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Saint Pacianus – A bishop with wife and child

Saint Pacianus in the façade of the bishop’s palace in Barcelona, Catalonia (Spain) – via Wikipedia

St. Pacianus (or St. Pacian) was the 4th-century Christian bishop of Barcelona. He is considered a “Father of the Church” and was canonized as a Catholic saint.

He apparently embodied chastity, education and eloquence.

In those days, a bishop could be married with children. Accordingly, St. Pacianus was married and had a son, to whom the famous (in Catholic and academic circles) scholar Saint Jerome dedicated his biographical De Viris Illustribus (On Illustrious Men).

St. Pacianus is probably best remembered, however, for his pithy statement:

Christian is my name; Catholic is my surname.

It’s hard to know if anyone would say that today.

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Pali – Language of the ancient Buddhists

The President of India, Shri Pranab Mukherjee, presenting the Presidential Award to the Scholars of Sanskrit, Arabic, Persian & Pali/Prakrit & Mahrshi Badrayan Vyas Samman for the year 2014 at Rashtrapati Bhavan.

Pali is an ancient language derived from Sanskrit, used in the scripture and liturgy of Theravada Buddhism. Its use virtually died out in the 14th century in India, dwindling on until the 18th century.

Some religious studies scholars believed that Pali is related to Magadhi, the language that the Buddha allegedly spoke. This theory is still taken seriously in S. G. F. Brandon’s Dictionary of Comparative Religion (1970).¹

However, a more recent Wikipedia entry questions whether or not the Buddha spoke Magadhi, suggesting this claim could be more an opportunistic strategy (i.e. politically motivated) instead of an actual fact. Old Magadhi was a high-class language, the lingua franca of the nobility. And its use was one way the ancient elites could separate themselves from, as they likely would have seen it, the riffraff.

Stefan Rüdiger – Buddha via Flickr

This doesn’t meant that the Buddha did not speak Magadhi. But it does mean that we do not know.²

¹ In fairness, the entry in this outstanding dictionary (for 1970) does offer a footnote suggesting further scholarly study, which I haven’t yet followed up on.

² See Similar questions arise with regard to the Old and New Testaments of the Bible. That is, did things always happen as the text says or are we often reading, for example, ancient invective, hyperbole or theologically infused storytelling. However, fundamentalists who refuse, or who find it too psychologically painful to examine their literal beliefs, will usually turn a blind eye to (or demonize) earnest attempts to get at the truth with the cognitive and scholarly tools available to us today. Many of these folks believe they have a pipeline to God, so for them, whatever idea pops into their head is a “revelation” from the Holy Spirit. In most cases this probably doesn’t involve too much high spirituality but, rather, a significant lack of self-knowledge and intellectual formation in this particular area.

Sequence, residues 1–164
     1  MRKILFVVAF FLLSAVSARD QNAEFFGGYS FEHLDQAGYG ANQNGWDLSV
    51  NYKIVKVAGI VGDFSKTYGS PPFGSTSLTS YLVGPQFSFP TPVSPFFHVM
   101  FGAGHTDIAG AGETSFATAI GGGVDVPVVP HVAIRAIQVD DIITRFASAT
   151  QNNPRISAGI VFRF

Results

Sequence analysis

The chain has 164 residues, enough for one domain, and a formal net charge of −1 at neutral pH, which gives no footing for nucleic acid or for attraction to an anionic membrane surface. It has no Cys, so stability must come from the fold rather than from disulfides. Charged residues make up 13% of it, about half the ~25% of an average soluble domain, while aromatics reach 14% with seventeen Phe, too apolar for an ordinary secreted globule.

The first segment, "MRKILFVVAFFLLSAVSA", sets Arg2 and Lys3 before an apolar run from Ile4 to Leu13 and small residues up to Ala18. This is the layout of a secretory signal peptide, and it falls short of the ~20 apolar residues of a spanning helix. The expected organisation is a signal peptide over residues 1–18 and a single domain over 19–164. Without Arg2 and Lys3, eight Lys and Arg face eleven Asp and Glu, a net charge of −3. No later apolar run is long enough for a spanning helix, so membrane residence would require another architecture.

Related » Akashic Records, Anatman, Deva, Dhammapada, Dukkha, Nirvana

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Geoffrey Parrinder

Image via Tower Books

Geoffrey Parrinder (1910 – 2005) was a British scholar, professor and Methodist minister whose reference works on world religions are appropriate for both lay and learned readers.

Parrinder is particularly strong on African and non-Christian religions, although his more recent Encyclopedia of Christianity strikes a good balance between conciseness and breadth of coverage.

He spent almost two decades as a missionary along the western coast of Africa from the 1930s to 50s, and later, from the 1950s to 70s, taught at King’s College London. One of his more famous students there was “the future Anglican Archbishop Desmond Tutu.”¹

Related » Diana, Dyaus

¹ Wikipedia entry (also with list of Parrinder’s publications)

² For a thought-provoking review of pictured book, see

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Parsees (or Parsis)

To go with AFP story ‘Pakistan-unrest-religion-minorities-Parsi’, FEATURE by Issam AHMED This photograph taken on February 25, 2015, shows Pakistani Parsi (Zoroastrian) priests Jehangir Noshik (L) and Jal Dinshaw (R) sitting at their prayer place in Karachi. For more than 1,000 years, Parsis have thrived in South Asia but an ageing population and emigration to the West driven by instability in Pakistan means the tiny community of ‘fire worshippers’ could could soon be consigned to the country’s history books. AFP PHOTO / Rizwan TABASSUM